It’s Sunday afternoon here in jolly (but exhausted) old England. I just caught a post by George Ou at ZDNET called “Don’t believe the low bit-rate ‘HD’ lie.” It’s right on the money about the reality of downloading HD content as proposed by Apples new iTunes service.
There’s more to HD than spatial resolution. Just as a cheap digital camera might take pictures with a lot of pixels and nonetheless turn out lousy images. Bit rate matters, even given consideration for various compression schemes.
As I’ve said before the very best images you’ll ever see at home are going to be those delivered by HD-DVD or Blu Ray disk, which may hit 28-40 Mbps. Downloadable shows in 720p delivered at < 10 Mbps are simply not going too be anywhere near as good. Apple, like many others, think that no-one will notice or care.
Earlier this week I was asked to record an NBA game and bring it with me to the UK. They need to see an example of an American style broadcast for various reasons. I recorded Thursday evenings game to a Toshiba DVD recorder in SD and to TivoHD to have a widescreen & HD version. When I tried to record the 480i component analog output of the TivoHD to the DVD recorder it stopped due to DRM restrictions.
I was able to use the Tivo Desktop software to copy the game over to my PC and run it in Windows Media Player. The file from the 2 hours game was just shy of 20 GB. Now that’s MPEG2, which is less efficient than H.264. However, even the newer codecs would result in a file > 10GB. Since iTunes is not likely to deliver that sort of file size don’t expect the iTunes HD downloadables to be anywhere near as good image quality as Tivo.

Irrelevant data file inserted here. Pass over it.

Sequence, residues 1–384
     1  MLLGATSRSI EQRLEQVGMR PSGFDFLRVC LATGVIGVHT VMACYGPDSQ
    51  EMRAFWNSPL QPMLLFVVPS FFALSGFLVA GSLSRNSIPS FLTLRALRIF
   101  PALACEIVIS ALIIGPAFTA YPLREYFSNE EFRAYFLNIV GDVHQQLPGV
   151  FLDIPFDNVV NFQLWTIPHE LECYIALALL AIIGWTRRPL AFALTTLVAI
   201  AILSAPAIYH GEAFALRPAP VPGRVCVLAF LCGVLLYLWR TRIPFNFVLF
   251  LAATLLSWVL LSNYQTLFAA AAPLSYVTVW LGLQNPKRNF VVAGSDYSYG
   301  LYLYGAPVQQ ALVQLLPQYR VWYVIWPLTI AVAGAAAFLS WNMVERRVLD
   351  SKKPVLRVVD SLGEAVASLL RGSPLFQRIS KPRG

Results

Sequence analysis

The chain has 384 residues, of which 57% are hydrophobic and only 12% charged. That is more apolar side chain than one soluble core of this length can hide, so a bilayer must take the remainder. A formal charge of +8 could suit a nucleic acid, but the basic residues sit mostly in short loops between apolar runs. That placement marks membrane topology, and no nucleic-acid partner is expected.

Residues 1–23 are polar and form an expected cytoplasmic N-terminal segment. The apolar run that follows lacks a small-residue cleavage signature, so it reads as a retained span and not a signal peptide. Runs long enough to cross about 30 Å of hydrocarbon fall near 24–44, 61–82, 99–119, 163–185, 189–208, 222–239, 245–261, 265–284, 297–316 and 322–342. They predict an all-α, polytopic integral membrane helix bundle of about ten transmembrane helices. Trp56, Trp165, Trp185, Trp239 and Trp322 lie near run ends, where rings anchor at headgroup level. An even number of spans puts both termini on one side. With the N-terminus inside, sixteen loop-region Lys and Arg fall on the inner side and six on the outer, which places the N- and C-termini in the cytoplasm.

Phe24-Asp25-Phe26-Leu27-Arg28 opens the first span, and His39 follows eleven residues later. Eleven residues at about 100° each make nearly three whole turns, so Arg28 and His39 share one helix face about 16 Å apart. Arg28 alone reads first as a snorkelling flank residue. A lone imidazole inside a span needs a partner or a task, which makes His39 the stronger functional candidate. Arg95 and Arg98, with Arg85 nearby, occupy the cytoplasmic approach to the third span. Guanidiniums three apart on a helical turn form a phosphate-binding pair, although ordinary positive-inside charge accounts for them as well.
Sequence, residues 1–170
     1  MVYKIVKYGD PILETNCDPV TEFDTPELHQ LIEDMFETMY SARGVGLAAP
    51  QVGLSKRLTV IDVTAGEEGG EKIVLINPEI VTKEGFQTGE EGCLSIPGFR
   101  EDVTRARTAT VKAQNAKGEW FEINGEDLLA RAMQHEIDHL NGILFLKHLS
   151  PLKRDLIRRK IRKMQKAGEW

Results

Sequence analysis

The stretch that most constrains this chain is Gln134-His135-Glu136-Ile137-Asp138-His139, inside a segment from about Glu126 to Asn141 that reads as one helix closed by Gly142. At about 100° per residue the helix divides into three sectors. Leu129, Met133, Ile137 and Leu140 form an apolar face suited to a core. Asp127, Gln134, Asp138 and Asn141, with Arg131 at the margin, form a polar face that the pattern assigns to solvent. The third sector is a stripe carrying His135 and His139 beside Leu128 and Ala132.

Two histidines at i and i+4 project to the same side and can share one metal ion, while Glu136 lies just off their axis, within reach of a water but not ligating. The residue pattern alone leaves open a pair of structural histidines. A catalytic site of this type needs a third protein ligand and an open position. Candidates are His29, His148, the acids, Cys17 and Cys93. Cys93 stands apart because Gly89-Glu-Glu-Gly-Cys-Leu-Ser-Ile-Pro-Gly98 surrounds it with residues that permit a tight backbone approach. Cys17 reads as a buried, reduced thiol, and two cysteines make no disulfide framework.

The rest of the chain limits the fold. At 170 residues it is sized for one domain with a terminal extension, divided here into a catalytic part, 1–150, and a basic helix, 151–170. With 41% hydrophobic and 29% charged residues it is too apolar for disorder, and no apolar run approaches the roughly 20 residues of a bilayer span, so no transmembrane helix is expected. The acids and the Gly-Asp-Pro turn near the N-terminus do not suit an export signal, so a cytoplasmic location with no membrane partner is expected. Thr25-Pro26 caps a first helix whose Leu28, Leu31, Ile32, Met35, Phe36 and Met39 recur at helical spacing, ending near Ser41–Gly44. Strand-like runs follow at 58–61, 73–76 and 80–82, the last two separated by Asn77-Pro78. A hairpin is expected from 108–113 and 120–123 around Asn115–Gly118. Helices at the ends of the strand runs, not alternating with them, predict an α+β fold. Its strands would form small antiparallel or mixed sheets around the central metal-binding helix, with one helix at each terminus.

Around our house we’ve taken to using the Amazon Unbox service which dovetails into our Tivo systems. The image quality is nowhere near what a typical DVD delivers, but the movie selection is good and the service is reliable. I hope that Amazon undertakes to remain competitive with iTunes in offering some HD content, hopefully at higher bit rates.
Perhaps there is an as yet unspoken upside to all of this. It will push the “Last Mile” technology deployed by ISPs and perhaps that will justify some investment in new network build out. Or perhaps, like Time Warner in Beaumont TX, they just start billing us by the byte?